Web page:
• Climate monitoring: what to we need to measure, with what precision, coverage, and duration, to keep track of how the deployment proceeding?

If we need to be ready with good answers in a ten-year timeframe, what research needs to be done to get there? Phase 1: Non-intervention research. Big issues: hard to learn much without intervention. Phase II: field experiments. Big issues: can’t learn much from a small ‘poke’; need to understand scaling. Phase III: Monitored deployment.

Non-technical issues: What are sensible trigger conditions? Who should decide whether to even undertake this research? Ethics of field tests? Dealing with winners and losers from deployment. And of course the risk of ‘rogue’ geoengineering efforts.

Takehome messages: research into geoengineering responses is no longer “all or nothing” – there are incremental efforts that can be undertaken now. Development of an ‘on the shelf’ plan B option requires a comprehensive and integrated research program – this is a 10-year research program at least.

Some questions: How would this affect acid rain? Not much, because we’re talking about something of the order of 1% of our global output of sulphurous aerosols, plus problems of acid rain are reducing steadily anyway. A more worrying concern would be effect on the tropospheric ozone.

Who decides? There are some scientists saying already we’ve reached a climate emergency. If the aim is to avoid dangerous tipping points (e.g. melting of the poles, destruction of the rainforests), at what point do we pull the trigger? No good answer to this one.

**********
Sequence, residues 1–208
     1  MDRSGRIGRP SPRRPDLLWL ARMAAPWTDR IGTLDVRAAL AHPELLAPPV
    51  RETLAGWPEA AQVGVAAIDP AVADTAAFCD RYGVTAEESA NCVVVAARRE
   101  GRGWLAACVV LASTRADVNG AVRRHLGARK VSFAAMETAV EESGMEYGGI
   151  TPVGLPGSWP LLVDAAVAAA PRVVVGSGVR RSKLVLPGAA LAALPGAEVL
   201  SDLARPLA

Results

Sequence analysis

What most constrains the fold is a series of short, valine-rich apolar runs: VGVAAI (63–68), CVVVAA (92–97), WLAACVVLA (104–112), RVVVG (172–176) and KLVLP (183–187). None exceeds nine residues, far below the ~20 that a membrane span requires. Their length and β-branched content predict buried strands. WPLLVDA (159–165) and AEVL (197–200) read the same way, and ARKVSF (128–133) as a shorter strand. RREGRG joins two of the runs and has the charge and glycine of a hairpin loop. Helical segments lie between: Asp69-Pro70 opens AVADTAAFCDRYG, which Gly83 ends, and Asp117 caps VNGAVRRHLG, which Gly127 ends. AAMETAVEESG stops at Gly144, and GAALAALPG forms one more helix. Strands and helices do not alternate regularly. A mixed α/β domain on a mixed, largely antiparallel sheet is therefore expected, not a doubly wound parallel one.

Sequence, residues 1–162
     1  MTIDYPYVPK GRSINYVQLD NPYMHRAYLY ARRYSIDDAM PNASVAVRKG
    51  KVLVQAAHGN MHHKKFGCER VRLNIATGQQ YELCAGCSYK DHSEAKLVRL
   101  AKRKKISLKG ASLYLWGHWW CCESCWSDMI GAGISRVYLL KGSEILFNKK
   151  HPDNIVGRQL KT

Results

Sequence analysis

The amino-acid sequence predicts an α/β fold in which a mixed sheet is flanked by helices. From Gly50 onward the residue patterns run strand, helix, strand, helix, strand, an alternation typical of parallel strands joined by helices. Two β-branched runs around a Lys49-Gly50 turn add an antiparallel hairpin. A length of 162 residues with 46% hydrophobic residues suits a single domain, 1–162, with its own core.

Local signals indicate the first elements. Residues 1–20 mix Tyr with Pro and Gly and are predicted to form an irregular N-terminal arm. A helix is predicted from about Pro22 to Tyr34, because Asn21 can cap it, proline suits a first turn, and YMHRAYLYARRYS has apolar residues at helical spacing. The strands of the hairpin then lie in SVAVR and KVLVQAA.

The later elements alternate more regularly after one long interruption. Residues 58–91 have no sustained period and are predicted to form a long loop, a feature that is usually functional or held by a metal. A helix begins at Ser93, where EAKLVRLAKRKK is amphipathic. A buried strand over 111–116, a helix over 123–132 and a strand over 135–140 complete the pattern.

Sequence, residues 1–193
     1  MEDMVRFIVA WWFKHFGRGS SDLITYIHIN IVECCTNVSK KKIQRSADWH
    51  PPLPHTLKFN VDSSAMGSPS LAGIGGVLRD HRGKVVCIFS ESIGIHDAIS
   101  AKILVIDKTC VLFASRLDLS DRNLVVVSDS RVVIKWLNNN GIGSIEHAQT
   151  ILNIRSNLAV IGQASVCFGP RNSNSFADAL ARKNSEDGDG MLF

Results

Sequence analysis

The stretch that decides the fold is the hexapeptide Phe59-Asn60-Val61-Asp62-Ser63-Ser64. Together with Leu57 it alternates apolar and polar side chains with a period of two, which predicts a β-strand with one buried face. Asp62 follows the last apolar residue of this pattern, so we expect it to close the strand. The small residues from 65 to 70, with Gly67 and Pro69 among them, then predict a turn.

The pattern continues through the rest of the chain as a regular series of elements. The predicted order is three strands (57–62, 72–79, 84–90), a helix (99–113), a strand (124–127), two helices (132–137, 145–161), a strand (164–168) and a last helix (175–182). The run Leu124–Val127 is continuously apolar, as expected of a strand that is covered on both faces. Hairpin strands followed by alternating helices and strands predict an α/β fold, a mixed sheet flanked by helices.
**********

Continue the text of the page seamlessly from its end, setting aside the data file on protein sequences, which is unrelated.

Read more: Journal special issue on geo-engineering.

Chris Jones, from the UK Met Office Hadley Centre, presented a paper at EGU 2009 yesterday on The Trillionth Tonne. The analysis shows that the key driver of temperature change is the total cumulative amount of carbon emissions. To keep below the 2°C global average temperature rise generally regarded as the threshold for preventing dangerous warming, we need to keep total cumulative emissions below a trillion tonnes. And the world is already halfway there.

Which is why the latest news about Canada’s carbon emissions are so embarrassing. Canada is now top among the G8 nations for emissions growth. Let’s look at the numbers: 747 megatonnes in 2007, up from 592 megatonnes in 1990. Using the figures in the Environment Canada report, I calculated the Canada has emitted over 12 gigatonnes since 1990. That’s 12 billion tonnes. So, in 17 years we burnt though more than 1.2% of the entire world’s total budget of carbon emissions. A total budget that has to last from the dawn of industrialization to the point at which the whole world become carbon-neutral. Oh, and Canada has 0.5% of the world’s population.

Disclaimer: I have to check whether the Hadley Centre’s target is 1 trillion tonnes of CO2-equivalent, or 1 trillion tonnes of Carbon (they are different!). The EnvCanada report numbers refer to the former.

Update: I checked with Chris, and as I feared, I got the wrong units – it’s a trillion tonnes of carbon. The conversion factor is about 3.66, so that gives us about 3.66 trillion tonnes of carbon dioxide to play with. [Note: Emissions targets are usually phrased in terms of “Carbon dioxide equivalent”, which is a bit hard to calculate as different greenhouse gases have both different molecular weights and different warming factors].

So my revised figures are that Canada burnt through only about 0.33% of the world’s total budget in the last 17 years. Which looks a little better, until you consider:

  • by population, that’s 2/3 of Canada’s entire share. 
  • Using the cumulative totals from 1900-2002. plus the figures for the more recent years from the Environment Canada report (and assuming 2008 was similar to 2007) we’ve emitted 27 gigatonnes of CO2 since 1900. Which is about 0.73% of the world’s budget, or about 147% of our fair share per head. 
  • By population, our fair share of the world’s budget is about 18 gigatonnes CO2 (=5 gigatonnes Carbon). We’d burnt through that by 1997. Everything since then is someone else’s share.